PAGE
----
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How to Protect Your Solar Panels and Your Roof in Snowy Weather

How to Protect Your Solar Panels and Your Roof in Snowy Weather Blog Feature
Posted by Kelli Fields on Oct 21, 2021 7:57:51 AM

Metal roofing and solar (photovoltaic) PV panels are a winning combination: metal’s strength and durability make it the only type of roofing material able to outlast the 30+ year lifespan of solar PV arrays. Solar modules can produce energy all year long – even in regions with heavy snowfall. But when you’re attaching PV panels to a roof in snow country, be aware snow loads will have an impact on your solar array’s design. Today, we’ll look at important considerations to help your finished PV installation withstand the forces of nature.


Solar panels can be a slippery surface in snow country.


First, we’ll explore some basics about the science of snow on metal roofing and smart snow retention strategies. Then, we’ll look at how solar panels affect (and are affected by) rooftop snow accumulations.


What Happens When Snow Collects on Your Metal Roof?

If you live in heavy snow country, you’ve probably seen a rooftop avalanche. This event occurs when a snow mass sheds off a metal roof all at once. Snow loads on a roof can vary widely from as low as 20 psf up to 300 psf and even greater. The result is dangerous – and potentially catastrophic – for people, vehicles, landscaping, property and equipment below.



This image shows the aftermath of a rooftop avalanche released from a metal roof.


The conditions for a rooftop avalanche begin when snow accumulates on a roof. Initially, the snow is held in place by a temperature-sensitive (frictional) bond. Compressive forces push down and compact the snow blanket. The vector force (sometimes known as a drag load or gravity load) pushes the snowbank toward the eave, increasing its density. When sunlight warms the metal roof surface through the translucent snow, a melt-water sheet forms beneath the snowbank and creates a slippery condition allowing the snow to slide off the roof.

Interested to see how these forces operate and how snow loads are calculated?

Check out the video later in this blog.

What Holds the Snow Back?

The truth is any rooftop obstruction can create an unintentional snow guard. Obstacles can include items such as:


These rooftop obstructions – including your solar panels – can act as an unpredictable snow retention system.



Snow may accumulate above and on the lower edge of PV modules.


To prevent a rooftop avalanche, you need a reliable system designed to hold the snow safely in place as it melts such as “unitized” (discontinuous) snow guards or a (continuous) snow fence.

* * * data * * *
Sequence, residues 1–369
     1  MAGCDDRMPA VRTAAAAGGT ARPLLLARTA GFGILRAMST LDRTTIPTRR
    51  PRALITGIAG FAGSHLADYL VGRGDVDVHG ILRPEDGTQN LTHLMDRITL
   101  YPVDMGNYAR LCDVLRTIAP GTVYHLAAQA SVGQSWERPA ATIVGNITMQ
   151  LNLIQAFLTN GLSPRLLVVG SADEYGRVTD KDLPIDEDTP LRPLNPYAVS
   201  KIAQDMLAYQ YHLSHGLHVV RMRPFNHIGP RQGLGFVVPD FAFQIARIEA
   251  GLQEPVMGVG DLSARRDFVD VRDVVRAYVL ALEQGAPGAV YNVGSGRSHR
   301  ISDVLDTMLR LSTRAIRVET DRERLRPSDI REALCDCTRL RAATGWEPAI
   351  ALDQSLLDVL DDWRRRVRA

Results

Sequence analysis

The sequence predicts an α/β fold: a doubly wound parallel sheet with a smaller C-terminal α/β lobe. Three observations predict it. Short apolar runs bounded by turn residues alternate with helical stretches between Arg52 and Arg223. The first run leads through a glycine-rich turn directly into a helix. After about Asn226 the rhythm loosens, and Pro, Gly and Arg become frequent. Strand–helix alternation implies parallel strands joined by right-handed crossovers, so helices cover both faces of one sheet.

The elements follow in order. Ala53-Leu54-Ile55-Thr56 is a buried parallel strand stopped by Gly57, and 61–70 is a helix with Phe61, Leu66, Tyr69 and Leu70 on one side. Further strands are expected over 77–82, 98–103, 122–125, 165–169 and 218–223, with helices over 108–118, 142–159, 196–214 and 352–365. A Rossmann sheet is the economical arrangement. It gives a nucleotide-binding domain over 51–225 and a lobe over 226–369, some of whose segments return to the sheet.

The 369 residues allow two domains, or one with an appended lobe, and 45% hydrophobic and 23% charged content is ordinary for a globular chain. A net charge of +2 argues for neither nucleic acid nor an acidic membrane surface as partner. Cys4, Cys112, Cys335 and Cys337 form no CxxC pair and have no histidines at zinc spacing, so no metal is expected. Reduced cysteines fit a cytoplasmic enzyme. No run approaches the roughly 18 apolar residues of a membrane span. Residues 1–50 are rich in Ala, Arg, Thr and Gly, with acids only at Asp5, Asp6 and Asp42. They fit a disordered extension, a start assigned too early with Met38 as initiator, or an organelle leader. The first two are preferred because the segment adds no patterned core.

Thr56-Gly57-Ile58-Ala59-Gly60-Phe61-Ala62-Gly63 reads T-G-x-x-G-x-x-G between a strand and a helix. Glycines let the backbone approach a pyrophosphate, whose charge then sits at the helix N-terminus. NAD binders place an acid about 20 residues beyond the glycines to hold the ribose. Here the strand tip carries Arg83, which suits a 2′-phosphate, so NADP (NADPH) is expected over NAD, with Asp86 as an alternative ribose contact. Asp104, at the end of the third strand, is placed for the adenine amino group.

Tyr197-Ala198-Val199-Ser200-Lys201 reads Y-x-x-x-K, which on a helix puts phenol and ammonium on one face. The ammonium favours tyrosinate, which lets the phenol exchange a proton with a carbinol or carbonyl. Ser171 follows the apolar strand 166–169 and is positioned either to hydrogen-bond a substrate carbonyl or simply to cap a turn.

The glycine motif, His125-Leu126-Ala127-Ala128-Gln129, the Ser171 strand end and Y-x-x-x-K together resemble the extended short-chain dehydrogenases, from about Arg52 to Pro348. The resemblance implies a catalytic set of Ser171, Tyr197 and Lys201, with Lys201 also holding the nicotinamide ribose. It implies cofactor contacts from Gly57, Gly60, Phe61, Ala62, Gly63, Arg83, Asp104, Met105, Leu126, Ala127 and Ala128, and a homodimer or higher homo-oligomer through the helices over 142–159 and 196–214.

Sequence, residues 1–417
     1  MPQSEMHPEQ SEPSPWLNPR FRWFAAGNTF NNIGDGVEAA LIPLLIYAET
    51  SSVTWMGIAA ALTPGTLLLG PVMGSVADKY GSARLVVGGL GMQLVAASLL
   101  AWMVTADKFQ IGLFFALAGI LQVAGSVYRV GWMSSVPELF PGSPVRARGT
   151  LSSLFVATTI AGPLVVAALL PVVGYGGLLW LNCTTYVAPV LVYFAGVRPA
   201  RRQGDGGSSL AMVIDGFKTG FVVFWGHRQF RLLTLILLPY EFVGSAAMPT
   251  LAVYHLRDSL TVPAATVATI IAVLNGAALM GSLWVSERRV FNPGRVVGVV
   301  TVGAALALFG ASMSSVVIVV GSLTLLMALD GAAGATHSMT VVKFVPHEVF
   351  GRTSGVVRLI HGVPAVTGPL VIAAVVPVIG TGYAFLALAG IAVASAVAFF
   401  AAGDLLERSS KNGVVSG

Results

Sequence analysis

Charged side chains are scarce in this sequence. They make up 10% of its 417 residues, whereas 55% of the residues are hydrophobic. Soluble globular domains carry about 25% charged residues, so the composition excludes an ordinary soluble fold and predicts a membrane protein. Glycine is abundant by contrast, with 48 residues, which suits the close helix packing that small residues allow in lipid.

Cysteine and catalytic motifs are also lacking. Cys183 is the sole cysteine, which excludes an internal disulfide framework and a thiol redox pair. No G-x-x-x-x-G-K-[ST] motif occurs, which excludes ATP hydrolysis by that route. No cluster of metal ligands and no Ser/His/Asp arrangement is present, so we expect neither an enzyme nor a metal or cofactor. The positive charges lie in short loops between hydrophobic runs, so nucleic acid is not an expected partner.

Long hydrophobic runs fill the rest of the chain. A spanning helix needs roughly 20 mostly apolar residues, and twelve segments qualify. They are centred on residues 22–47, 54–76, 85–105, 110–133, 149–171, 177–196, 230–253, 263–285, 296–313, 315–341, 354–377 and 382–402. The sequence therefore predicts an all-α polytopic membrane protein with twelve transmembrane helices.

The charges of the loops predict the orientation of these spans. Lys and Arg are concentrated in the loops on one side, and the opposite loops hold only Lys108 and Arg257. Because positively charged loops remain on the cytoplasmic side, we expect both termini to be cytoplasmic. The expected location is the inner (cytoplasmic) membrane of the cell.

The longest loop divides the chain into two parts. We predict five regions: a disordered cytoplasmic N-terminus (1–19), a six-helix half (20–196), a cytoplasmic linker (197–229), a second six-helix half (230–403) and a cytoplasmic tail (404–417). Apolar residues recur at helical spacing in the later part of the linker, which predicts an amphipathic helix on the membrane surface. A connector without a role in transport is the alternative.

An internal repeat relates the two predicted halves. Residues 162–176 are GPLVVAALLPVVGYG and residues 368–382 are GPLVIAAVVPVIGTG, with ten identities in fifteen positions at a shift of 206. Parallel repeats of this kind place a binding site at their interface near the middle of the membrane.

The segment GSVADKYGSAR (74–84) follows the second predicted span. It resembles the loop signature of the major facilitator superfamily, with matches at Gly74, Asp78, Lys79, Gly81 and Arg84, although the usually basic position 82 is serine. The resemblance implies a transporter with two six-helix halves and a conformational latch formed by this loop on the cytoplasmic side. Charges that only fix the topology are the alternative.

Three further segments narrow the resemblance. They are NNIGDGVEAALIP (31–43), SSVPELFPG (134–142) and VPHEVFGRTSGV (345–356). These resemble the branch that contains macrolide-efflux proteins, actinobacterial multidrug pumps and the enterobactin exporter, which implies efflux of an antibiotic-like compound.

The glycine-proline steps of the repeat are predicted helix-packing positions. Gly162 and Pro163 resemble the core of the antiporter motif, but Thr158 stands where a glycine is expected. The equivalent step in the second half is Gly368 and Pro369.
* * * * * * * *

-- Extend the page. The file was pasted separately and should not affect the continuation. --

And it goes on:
How Do You Engineer a Reliable Snow Retention System?

Most building structures are designed with snow loads pre-calculated, but check to ensure your building was designed with the appropriate snow loads. If your building was designed under the ASCE-7 provision for “slippery roof load reduction,” snow guards are prohibited.

The forces of snow on a rooftop can be mathematically calculated allowing you to properly engineer a snow retention system for any roof. Learn about "Metal Roof Design for Cold Climates" in the Metal Construction Association’s (MCA) White Paper, and watch this video to get an overview of how it works.


CAUTION-sign-Snow-load forces are specific to each project.@2x-50

Important! Snow-load forces are specific to each project. They will vary depending on slope, rafter length and design roof snow loads.


How Does Snow Affect Solar PV Panels?

Although a solar module has a slippery surface, in many cases snow won’t shed off it. This means you need to know the load your PV modules can handle. Be sure the module has a design-load rating equal to or greater than the roof design snow load. Module producers will publish loads for a given module in their product information. But be certain the published module loads you’re viewing have the appropriate factor of safety applied. Typically, this information is found within the module producer’s installation manuals along with the module’s appropriate mounting zones.

Although snow may accumulate on PV modules, the module frames are not designed to act as a snow retention system capable of resisting drag (vector) loads. This means the modules may not properly hold back the accumulating snow leading to a rooftop avalanche, and modules may be damaged by the vector force of the snow blanket.

edited-solar-panels-used-as-snow-guards-2 solar-panels-used-as-snow-guards